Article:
Tenth Sunday after Pentecost by The Rev. Martin Elfert

August 18, 2019

Lessons:

Jeremiah 23:23-29
Psalm 82
Hebrews 11:29-12:2
Luke 12:49-56

 

On Wednesday morning I attended a rally organised by the mayor’s office. The rally was downtown at Pioneer Courthouse Square and I was there as a representative of the Interfaith Alliance on Poverty, an organisation to which Grace belongs. The purpose of the gathering was for folks from a whole variety of contexts (there were representatives in attendance from business groups, from other faith communities, from political and law-enforcement organisations, from unions) to together say that we condemn and we reject white supremacy and we condemn and reject the violence that it brings. As a group we declared that if folks are coming to Portland with the goal of nurturing violence and hate that they are not welcome here.

The folks coordinating the rally positioned me in the front row, just behind the dignitaries, somewhere to the audience’s right of the lectern; I wasn’t there to make a speech, just to look good, something at which I am excellent. And I was charged with the task of holding a giant letter “H,” part of a collection of giant letters that together spelled “Our city, our home.” (I was never a cheerleader, so finally getting to hold a giant letter, even if I had to wait ‘til middle age to do it, was kind of cool. Gimme and H!) Along with a lot of other folks, I stood there with my letter, looking out at a wall of cameras, at a whole bunch of reporters.

I don’t know how much the rally swayed the nouveau Nazis who want to come march in our streets. But I think that it was important for us as a community to say that white supremacy is not a part of who we want to be, not a part of who we are called to be.

The experience at the rally was mostly awesome. Except that, whoever designed the square, whoever designed what is sometimes called Portland’s living room, did not give a whole lot of thought to shade. And friends, I am not built for the heat. Even with a substantial hat on my head, even keeping myself well hydrated, standing still in the direct August sun was heavy going. And so about an hour into the rally and still only two-thirds of the way through the speeches, my knees just gave way. And me and my big “H” were suddenly half-kneeling, half-sitting on Pioneer Square’s brick floor.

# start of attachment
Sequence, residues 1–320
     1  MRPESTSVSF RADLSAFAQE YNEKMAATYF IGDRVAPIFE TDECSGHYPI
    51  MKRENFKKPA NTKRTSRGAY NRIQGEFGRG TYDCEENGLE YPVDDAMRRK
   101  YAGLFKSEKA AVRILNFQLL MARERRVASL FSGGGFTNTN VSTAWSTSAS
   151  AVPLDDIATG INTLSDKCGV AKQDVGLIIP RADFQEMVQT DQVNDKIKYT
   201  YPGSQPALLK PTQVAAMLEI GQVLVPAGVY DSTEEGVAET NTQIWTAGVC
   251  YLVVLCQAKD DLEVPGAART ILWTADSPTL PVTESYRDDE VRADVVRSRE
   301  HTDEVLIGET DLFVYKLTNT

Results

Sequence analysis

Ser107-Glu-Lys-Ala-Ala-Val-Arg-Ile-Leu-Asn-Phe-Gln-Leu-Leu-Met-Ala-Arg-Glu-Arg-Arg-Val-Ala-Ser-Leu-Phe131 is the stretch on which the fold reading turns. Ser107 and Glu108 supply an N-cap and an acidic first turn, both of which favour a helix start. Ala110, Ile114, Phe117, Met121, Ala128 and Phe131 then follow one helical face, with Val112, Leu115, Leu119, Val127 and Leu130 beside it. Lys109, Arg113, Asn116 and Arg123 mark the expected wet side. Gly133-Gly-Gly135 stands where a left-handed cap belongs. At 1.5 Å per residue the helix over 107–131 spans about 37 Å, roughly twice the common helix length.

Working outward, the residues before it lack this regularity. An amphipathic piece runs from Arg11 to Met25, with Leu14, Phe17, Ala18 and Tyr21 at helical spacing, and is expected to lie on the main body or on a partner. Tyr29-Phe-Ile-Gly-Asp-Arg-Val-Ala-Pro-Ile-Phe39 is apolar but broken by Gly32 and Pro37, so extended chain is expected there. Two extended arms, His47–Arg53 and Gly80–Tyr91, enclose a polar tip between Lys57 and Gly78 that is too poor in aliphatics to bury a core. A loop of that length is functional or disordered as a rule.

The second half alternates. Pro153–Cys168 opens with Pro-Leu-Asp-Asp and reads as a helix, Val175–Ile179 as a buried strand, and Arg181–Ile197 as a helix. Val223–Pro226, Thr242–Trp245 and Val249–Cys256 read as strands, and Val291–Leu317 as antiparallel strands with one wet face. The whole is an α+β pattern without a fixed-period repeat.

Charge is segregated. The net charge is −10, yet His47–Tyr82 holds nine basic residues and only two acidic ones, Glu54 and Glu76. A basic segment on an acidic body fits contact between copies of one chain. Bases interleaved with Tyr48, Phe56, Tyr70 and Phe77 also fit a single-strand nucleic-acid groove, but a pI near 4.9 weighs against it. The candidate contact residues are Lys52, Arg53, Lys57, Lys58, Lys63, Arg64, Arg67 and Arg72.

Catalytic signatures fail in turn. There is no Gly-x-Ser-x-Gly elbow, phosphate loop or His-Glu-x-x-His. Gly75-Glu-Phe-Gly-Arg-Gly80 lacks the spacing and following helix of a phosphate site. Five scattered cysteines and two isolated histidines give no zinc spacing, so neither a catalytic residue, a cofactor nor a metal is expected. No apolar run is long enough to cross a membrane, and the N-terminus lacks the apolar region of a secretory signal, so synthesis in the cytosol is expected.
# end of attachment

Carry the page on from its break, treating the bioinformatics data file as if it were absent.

Now, I am someone who not only really wants to be in control of myself but, more than that, I am someone who really wants to appear to be in control of myself. I did not care very much for adolescence, when my body frequently had its own ideas about how it was going to behave: without any permission from me, acne showed up on my face and my eyesight fell off of a cliff and I was listening to unbidden comments about how much my voice had changed. And to this day I don’t like it at all when the visible evidence of my control slips, when I am vulnerable. I want to be the one who gives help: I don’t want to be the one who needs it.

I totally understand what the writer David Dark means when he says that his sense of composure is almost sacred to him.

So, if I am going to be ill, or if I my knees are going to give way and I am going to fall, I’d really prefer to do so in the privacy of my own home.

But here’s the problem:

Standing in the front row of a press conference with several dozen cameras pointed your way is the possibly the least private place to do anything.

A lot of people noticed that I had fallen and came to help, to offer their kindness and their concern. The folks near me, several police officers and, fascinatingly, someone dressed like a national park ranger, like Smokie the Bear, all gathered around me, all of them sincerely, generously compassionate.

Other than sitting on the ground, I was actually doing okay: I didn’t hit my head, I wasn’t feeling dizzy. And I reckoned that the best plan was to sit there, to drink as much water as I could, and to trust that, in half an hour, my legs would be willing to hold me up again.

I told what felt like four dozen different people that this was my plan. And then my neighbour held up my “H” for me and I sat in its shade.